Islet cell antibody titer
Endocrinology and Infertility
|Disease:||Type 1 Diabetes (IDDM)|
|Reference Range:||Negative: <1:5|
|Note:||Positive samples at a 1:5 screening dilution are titered to an endpoint at an additional charge.|
|Schedule / Turnaround Time:||Assay performed once weekly. Report availability is within one week from the time of specimen receipt.|
Specimen need not be refrigerated or frozen. Collect 2-3 ml of blood in a red top or serum separator tube. If possible, separate serum from clot and place into white tube provided with Immco Diagnostics’ collection kits. If separation facilities are not available, the blood can be sent in the tube used for collection.
Sample is stable at ambient temperature during shipment. If sample is stored prior to shipment, it is stable refrigerated (2-8˚C) up to five days and frozen (-20˚C or lower) up to one year.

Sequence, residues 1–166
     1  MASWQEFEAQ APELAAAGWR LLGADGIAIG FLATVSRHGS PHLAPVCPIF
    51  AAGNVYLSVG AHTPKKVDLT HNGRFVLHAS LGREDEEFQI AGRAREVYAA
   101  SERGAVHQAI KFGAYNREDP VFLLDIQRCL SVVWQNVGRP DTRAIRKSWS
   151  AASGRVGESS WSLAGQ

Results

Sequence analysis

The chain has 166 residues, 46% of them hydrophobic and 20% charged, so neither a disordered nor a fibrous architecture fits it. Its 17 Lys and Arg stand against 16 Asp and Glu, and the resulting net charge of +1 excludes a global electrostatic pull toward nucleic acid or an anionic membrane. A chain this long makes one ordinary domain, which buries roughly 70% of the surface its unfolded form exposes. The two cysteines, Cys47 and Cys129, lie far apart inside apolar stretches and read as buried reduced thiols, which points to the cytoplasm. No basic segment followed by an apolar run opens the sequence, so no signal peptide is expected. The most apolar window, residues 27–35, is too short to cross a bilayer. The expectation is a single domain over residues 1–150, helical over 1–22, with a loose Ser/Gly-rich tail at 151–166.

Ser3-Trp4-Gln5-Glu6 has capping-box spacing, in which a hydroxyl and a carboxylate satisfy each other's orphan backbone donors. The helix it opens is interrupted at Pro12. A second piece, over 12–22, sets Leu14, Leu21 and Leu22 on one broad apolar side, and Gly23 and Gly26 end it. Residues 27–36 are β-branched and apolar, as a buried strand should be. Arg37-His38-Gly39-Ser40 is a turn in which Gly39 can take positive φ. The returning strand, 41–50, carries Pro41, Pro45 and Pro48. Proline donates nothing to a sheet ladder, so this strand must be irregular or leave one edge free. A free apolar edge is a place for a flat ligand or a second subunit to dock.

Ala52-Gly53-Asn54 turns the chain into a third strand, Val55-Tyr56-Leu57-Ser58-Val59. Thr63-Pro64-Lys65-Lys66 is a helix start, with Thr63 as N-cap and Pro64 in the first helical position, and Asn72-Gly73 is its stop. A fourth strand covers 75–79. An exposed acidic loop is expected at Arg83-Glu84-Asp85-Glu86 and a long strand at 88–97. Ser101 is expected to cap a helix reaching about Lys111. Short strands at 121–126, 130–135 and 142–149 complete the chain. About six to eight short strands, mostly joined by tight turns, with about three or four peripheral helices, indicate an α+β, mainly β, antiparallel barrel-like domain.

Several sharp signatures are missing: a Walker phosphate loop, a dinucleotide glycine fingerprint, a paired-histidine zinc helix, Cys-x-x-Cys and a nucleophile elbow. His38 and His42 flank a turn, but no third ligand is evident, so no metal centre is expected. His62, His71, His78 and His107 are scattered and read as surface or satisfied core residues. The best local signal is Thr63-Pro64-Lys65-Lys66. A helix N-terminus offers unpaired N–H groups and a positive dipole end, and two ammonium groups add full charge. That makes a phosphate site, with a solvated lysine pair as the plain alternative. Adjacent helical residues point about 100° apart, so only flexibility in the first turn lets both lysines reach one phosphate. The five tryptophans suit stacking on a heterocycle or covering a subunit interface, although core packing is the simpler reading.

Most cases of diabetes fall into two clinical categories: insulin dependent diabetes mellitus (IDDM or Type I diabetes) and non-insulin dependent diabetes mellitus (NIDDM or Type II diabetes). Prognosis, treatment and disease management are different for each type. It is well accepted that Type I diabetes is an autoimmune disease targeting ß-cells of the islets of Langerhans in the pancreas. The autoimmune response to islet cell antigens elicits antibody responses to antigens such as glutamic acid decarboxylase (GAD), ICA-512 and insulin. They have been found to be highly predictive markers, particularly if present in high titer. Detection of these ICAbs by indirect immunofluorescence on pancreas substrate is considered the gold standard for diagnosis of Type I dibabetes. These cytoplasmic ICAbs are currently used for the prediction of Type I diabetes. ICAbs are detected in up to 90% of newly diagnosed diabetic patients. The level of ICAbs appears to be highest prior to the onset of Type I diabetes and diminishes progressively thereafter.